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Missionaries adjusting to life at home

January 26, 2004|by MARLO BARNHART

marlob@herald-mail.com

After spending most of the last 36 years in Senegal, missionaries Frank Stottlemyer Jr. and his wife, Nancy, are trying to get used to living in the United States again.

"It was a big change for us when we first went over there in 1967," Frank Stottlemyer said. "Now we are adjusting again to a dramatic change."

Both 62, the Stottlemyers have returned home to their church, Black Rock Bible Church at 9646 Crystal Falls Drive, and family members still living in the area.

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They left behind not only many memories, friends and colleagues, but also all four of their children, all of whom are adults carrying on their parents' mission work.

"Wanda and Eric were just little when they went over with us. Rebecca and Gary were born in Senegal," said Nancy Stottlemyer. "All of our 11 grandchildren are in Senegal, too."

Neither expects to be going on any long-term mission work in Senegal, but both are hoping for visits so they can spend time with their children and grandchildren.

Reflecting on their amazing odyssey in Africa's westernmost nation, the Stottlemyers said they chose mission work in general and Senegal in particular after hearing a mission representative speak at their church.

Born into a farming family in Wolfsville, Frank Stottlemyer said he never had traveled any farther than Virginia Beach, Va., before he and his wife made their commitment.

Acquaintances while students at Middletown (Md.) High School, both were attending the Black Rock Bible Church when they learned of people in the world with no access to the Bible and its teachings.

Married in 1963, they made their big decision in May 1964 while Frank Stottlemyer was working at a bank in Frederick, Md., and his wife was a nurse's aide at Fahrney-Keedy Home in Boonsboro.

Training began in Pennsylvania. After a year of that, they moved on to a New Tribes Mission center in Wisconsin, where they concentrated on languages and the culture of Senegal.

"The official language in Senegal is French," said Frank Stottlemyer. They also learned the native language, which mostly is spoken in the tribes.

Senegal is a small, arid country just above the equator and south of the Sahara Desert. The capital city of Dakar has about 2 million people, but much of the population lives in rural settings in mud-block homes shielded against the weather with grass roofs.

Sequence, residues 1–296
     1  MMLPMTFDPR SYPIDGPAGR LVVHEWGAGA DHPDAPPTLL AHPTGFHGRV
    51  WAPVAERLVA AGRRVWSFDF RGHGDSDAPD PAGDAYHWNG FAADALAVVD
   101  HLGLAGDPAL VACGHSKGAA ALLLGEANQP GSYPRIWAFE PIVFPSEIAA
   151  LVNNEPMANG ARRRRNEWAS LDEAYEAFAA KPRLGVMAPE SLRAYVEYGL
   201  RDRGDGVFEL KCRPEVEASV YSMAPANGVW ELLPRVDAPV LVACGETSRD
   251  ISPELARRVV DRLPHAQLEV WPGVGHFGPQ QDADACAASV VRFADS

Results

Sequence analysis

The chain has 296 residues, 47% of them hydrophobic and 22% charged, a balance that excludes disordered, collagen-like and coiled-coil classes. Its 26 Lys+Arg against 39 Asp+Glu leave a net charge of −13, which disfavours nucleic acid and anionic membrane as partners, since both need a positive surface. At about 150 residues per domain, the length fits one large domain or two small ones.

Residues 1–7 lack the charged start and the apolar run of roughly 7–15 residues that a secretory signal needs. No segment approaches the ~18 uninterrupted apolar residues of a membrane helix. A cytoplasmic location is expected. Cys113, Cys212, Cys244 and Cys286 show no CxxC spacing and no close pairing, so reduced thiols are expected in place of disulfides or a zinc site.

When they arrived, a missionary picked up the Stottlemyers and took them to a village, Frank Stottlemyer said. There, the couple lived as the natives did, except their mud-block home had a tin roof.

"I remember waking up to the sound of thumping my first morning and wondering who was playing drums at that hour," he said. "I found out later it was the women pounding rice to feed their families as they did every morning long before dawn."

There was no electricity, no running water and only a kerosene-powered refrigerator. Television was unheard of, so the Stottlemyer children grew up playing outside with their native friends and getting their education at the mission school.

Over the years, the Stottlemyers introduced the Bible to the natives, who are mostly Islam by faith.

"We taught them what we believe," Frank Stottlemyer said. "And we tried to show them that Christianity is a whole new way to live."

Nancy Stottlemyer was busy raising her four children but she found the time to share her medical training when natives got sick or injured.

"We ate mostly rice, potatoes, fish, chicken and beef, plus a lot of vegetables," she said.

Supported by their home church and other congregations in Maryland and Pennsylvania, the Stottlemyers said their needs were adequately met.

Now that they are home again, they plan to continue their mission work by helping other returning missionaries get reacquainted with life in the United States.

They also plan to speak at churches and show slides illustrating their years in Senegal, Frank Stottlemyer said.

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